Jaw closing is caused by activation of the masseter, the temporalis and – to a lesser extent – the medial pterygoid muscles.

Anatomy of the Mandible


The muscles of mastication are innervated by the trigeminal nerve and include the temporalis, masseter and medial and lateral pterygoids.

The temporalis muscle originates in the temporalis fossa of the temporal bone and inserts on the coronoid process and anterior surface of the mandible ramus and functions to elevate and retract the mandible.
The masseter originates at the zygomatic arch and attaches to the angle and ramus of the mandible. 
The medial pterygoid originates from the medial surface of the lateral pterygoid plate and the tuberosity of the maxilla and attaches to the medial surface of the mandible angle and ramus. 

The masseter and medial pterygoid together form a U-shaped sling around the inferior border of the mandible. The two muscles elevate and forcibly close the jaw.

Anatomy of Medial Pterygoid


1. Masseter Injection

Figure 1. Anatomy of the masseter and temporalis muscles



Figure 2.  Inferior margin of the mandible shown as dotted horizontal line and the muscle is shown having been divided into three. Injection sites are shown (three): black circles with white central dots.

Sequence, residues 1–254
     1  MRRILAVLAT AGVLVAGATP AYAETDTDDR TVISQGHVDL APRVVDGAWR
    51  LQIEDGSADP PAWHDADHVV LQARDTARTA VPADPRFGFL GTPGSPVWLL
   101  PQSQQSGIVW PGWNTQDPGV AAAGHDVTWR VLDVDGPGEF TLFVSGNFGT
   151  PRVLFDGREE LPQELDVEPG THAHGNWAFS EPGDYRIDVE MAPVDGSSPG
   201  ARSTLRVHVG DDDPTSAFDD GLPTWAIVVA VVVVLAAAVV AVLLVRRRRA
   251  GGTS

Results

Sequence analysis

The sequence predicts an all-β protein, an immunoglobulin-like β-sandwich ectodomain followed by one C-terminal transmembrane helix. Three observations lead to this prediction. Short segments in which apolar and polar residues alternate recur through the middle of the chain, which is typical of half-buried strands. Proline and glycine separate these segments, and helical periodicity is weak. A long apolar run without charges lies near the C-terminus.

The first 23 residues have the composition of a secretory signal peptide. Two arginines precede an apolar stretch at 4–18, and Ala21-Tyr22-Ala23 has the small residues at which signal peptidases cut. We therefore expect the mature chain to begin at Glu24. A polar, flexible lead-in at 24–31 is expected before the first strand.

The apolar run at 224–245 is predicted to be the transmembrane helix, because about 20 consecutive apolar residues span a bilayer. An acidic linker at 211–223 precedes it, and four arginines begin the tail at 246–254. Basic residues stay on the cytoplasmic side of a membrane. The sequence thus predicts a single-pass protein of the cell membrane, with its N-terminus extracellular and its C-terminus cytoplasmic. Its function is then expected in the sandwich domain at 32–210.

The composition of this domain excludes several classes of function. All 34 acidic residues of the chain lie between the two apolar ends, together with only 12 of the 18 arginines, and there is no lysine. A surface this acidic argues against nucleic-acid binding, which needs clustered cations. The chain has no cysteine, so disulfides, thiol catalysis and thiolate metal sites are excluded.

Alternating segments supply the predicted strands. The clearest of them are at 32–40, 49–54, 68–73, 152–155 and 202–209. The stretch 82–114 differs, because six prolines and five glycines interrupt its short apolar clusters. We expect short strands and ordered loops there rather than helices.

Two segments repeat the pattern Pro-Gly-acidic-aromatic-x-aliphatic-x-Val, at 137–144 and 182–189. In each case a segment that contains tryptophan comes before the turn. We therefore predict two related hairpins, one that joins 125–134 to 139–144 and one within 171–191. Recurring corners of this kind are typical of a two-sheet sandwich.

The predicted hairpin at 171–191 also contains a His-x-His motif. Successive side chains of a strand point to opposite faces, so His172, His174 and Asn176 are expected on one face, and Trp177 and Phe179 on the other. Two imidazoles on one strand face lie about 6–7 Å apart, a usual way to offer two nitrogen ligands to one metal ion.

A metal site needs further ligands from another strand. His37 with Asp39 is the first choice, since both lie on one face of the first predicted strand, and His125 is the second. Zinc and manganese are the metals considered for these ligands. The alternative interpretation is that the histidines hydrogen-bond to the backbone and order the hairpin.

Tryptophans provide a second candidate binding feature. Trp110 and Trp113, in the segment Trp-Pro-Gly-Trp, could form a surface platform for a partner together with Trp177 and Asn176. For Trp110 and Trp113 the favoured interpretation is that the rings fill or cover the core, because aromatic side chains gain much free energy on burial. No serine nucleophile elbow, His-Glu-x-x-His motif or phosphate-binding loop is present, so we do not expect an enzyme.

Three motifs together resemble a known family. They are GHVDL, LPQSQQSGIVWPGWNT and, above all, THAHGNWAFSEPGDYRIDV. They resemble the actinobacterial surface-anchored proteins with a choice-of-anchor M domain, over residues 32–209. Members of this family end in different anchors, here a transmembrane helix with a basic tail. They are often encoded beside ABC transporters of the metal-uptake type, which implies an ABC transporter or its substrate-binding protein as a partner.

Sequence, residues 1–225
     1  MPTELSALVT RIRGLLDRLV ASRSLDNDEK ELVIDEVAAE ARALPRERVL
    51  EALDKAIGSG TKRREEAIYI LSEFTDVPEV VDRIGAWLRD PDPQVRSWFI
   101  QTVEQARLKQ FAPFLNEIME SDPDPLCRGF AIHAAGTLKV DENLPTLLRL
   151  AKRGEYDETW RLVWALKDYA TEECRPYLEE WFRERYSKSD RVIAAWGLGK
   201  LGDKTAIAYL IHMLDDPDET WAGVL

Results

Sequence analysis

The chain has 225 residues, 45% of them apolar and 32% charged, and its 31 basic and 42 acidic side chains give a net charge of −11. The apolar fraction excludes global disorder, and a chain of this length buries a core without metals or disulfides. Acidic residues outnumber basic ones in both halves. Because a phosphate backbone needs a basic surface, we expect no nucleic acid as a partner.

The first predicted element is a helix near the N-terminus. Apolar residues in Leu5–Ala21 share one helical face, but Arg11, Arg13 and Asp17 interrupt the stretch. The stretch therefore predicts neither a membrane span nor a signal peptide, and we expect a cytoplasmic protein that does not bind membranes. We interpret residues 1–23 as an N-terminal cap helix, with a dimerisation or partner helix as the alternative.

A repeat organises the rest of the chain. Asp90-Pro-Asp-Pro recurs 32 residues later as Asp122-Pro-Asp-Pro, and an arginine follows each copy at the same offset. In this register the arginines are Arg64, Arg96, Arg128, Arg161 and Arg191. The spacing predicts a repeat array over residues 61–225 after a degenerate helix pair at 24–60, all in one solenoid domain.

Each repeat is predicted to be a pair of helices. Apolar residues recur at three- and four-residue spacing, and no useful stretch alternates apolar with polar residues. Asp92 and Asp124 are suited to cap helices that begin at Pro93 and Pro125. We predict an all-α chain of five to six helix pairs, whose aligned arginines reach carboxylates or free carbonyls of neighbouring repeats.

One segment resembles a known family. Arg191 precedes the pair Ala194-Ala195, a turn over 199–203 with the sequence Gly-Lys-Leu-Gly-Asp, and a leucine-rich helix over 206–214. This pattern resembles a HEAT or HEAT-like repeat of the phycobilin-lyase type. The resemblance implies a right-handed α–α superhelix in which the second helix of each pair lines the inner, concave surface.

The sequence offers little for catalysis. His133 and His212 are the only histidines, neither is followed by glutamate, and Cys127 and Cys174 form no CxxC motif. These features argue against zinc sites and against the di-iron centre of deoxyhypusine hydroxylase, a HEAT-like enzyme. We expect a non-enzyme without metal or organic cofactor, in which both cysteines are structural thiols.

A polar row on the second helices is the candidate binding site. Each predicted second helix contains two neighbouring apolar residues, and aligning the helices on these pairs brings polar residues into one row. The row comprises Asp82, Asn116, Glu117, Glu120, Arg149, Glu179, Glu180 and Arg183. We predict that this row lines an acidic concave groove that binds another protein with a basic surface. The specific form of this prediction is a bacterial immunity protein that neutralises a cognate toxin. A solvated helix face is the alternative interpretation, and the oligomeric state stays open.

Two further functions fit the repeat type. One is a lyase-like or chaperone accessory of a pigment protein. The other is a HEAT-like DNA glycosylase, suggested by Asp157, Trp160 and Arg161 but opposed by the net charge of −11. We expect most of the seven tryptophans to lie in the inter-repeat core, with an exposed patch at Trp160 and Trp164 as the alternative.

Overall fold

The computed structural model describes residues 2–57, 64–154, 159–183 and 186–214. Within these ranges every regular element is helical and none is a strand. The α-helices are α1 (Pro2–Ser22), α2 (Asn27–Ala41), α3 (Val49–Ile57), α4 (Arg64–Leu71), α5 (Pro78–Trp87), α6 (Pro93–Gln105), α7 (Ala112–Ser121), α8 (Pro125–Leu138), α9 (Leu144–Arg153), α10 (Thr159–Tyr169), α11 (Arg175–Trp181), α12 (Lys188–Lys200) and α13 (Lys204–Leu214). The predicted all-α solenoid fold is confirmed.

Draw an imaginary line between the corner of the mouth and the intertragal notch (Figure 2).
Ask the patient to clench their jaw and palpate the anterior border of the masseter muscle which can be felt up to the zygomatic arch
Divide muscle into thirds and inject 1 cm above the line of the mandible at three locations; one in between and slightly above.the other two sites
(this technique avoids the marginal mandibular and buccal branches of the facial nerve)/

12.5-50 u; Max 50 u Botox

2. Temporalis muscle injection

The muscle belly is palpated while the patient clenches their teeth. The needle is placed through the skin overlying the temporalis muscle and position is confirmed with EMG activity with the patient’s teeth clenching. To enhance the accuracy the needle is usually inserted along the anterior or superior border of the temporalis muscle, and subsequently advanced posteriorly or inferiorly in the sagittal plane, once the correct depth of the needle placement is confirmed with the EMG. This allows multiple aliquots to be injected with one pass of the needle, a technique that is impossible if the needle is passed in a lateral to medial direction. 0.1 mL (5 units each) aliquots are delivered at four or five points within the temporalis muscle. These aliquots are spaced at 1-cm intervals, preferably through one to three skin puncture sites.

Anatomy of the Temporalis muscle

3. Medial Pterygoid Injection

The needle is placed through the skin in the submandibular area and directed superiorly deep to the mandible and the U-shaped sling, which the masseter forms with the internal pterygoid, and along the inner aspect of the mandibular ramus, thus entering the muscle. The position is confirmed by brisk EMG activity when the patient is asked to clench, and the muscle is injected at two to three points.
The facial artery, internal maxillary artery, or arterial branches may potentially be encountered during these injections.